The Democrats are trying to pass a public lands bill here. Besides, fossil enthusiasts are too small a group to be worth any consideration past the minimum. From CQ (no link, sorry):
A public lands bill on its way to the House floor is meeting resistance from an unlikely constituency: amateur fossil hunters.
The bill (S 22), which encompasses dozens of measures to expand national park and wilderness areas, includes language that would impose criminal and civil penalties on people who take fossils from federal lands. But Rep. John Culberson, R-Texas, opposes the provision so much that he is rallying opposition to the bill.
“I’m only asking that this section be stripped out,” said Culberson, who is concerned about its impact on casual collectors. Culberson himself is an amateur fossil hound who once discovered a wolf jaw from the Ice Age. “They’re going to destroy the hobby of fossil collecting,” he said.
The pushback is that there are existing laws in place to protect against this… which is nice, if you like fossils of invertebrates and plants. Just don’t bring out any fossils of reptiles, fishes, mammals… unless you feel like going to jail for up to five years. And they’ll take your car, too. All of which is very nice when you’re trying to stop people “poaching” fossils – don’t laugh, it’s been a business in the West for centuries: I understand that The Gilded Dinosaur is a good place to start on the topic – but not so nice when people who the law isn’t meant for get caught up in it, too. Which is pretty much the only thing that John Culberson is agitated about, here; unfortunately, the Democrats would apparently rather have to fix a problem than prevent it.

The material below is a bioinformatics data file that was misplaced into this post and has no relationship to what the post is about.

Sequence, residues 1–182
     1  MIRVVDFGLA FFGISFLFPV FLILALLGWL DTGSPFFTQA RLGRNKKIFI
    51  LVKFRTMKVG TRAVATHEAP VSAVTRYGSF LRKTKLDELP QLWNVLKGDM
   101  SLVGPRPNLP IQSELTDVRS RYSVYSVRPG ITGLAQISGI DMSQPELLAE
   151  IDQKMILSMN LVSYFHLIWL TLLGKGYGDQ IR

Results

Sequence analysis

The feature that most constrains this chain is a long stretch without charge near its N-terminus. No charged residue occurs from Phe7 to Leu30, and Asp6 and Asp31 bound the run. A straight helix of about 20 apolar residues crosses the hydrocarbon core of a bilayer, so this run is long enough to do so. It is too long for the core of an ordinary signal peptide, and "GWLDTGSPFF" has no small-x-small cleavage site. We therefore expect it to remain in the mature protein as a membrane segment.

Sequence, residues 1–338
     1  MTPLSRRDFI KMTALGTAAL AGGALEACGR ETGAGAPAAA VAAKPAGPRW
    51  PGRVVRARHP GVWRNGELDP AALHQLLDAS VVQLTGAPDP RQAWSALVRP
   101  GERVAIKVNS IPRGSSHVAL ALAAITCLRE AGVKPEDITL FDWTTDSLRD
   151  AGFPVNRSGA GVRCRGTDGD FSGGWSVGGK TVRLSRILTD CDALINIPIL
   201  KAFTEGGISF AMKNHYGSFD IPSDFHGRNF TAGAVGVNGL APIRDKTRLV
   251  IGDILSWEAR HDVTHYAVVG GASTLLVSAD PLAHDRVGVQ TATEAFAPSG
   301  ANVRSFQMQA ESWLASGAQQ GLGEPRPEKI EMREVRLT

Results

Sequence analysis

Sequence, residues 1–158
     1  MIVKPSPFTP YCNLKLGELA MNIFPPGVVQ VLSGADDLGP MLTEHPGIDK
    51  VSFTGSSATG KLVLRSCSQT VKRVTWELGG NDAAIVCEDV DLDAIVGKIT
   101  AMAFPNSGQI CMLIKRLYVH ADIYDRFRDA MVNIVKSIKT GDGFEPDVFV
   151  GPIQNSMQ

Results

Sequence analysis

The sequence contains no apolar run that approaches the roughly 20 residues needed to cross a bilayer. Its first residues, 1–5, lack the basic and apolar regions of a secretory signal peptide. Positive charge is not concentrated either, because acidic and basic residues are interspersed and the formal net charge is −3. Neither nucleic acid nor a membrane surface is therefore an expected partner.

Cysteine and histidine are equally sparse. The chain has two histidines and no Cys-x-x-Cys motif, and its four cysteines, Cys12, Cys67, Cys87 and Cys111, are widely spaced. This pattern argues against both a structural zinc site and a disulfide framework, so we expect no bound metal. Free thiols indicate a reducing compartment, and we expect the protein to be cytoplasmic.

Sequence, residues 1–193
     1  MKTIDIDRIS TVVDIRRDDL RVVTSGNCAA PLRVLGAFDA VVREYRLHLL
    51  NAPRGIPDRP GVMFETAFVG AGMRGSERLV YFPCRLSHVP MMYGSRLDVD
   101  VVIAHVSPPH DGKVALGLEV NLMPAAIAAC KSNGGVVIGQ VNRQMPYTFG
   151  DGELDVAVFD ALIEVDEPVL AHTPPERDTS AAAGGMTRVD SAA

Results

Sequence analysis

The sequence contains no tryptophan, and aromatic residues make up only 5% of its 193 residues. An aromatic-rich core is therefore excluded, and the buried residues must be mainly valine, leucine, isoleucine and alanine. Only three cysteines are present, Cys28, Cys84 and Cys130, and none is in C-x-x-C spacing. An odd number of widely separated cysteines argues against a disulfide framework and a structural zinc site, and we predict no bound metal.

Hey, if the Democrats don’t like me being hard-nosed about judging their actions and motivations, then maybe the Democrats shouldn’t have recently put the entire thrift store industry at risk because they’re incapable of drafting a clean consumer-protection bill. After that little exercise in applied incompetence, I’m not particularly sanguine that some law-enforcement official on the local level isn’t going to decide that the law really does expect him to bring in that Boy Scout Troop working on their Archeology merit badges without Ken Salazar’s explicit permission.
I’m weird that way.
PS: The guy who doesn’t care overmuch about encouraging the next generation of paleontologists is one Rep. Nick J. Rahall II (D, WV-03), National Resources Chair. Based on his political backstory, I have to wonder whether his stance against the collection of fossils is merely a matter of guaranteeing his own personal safety…
Crossposted at Moe Lane.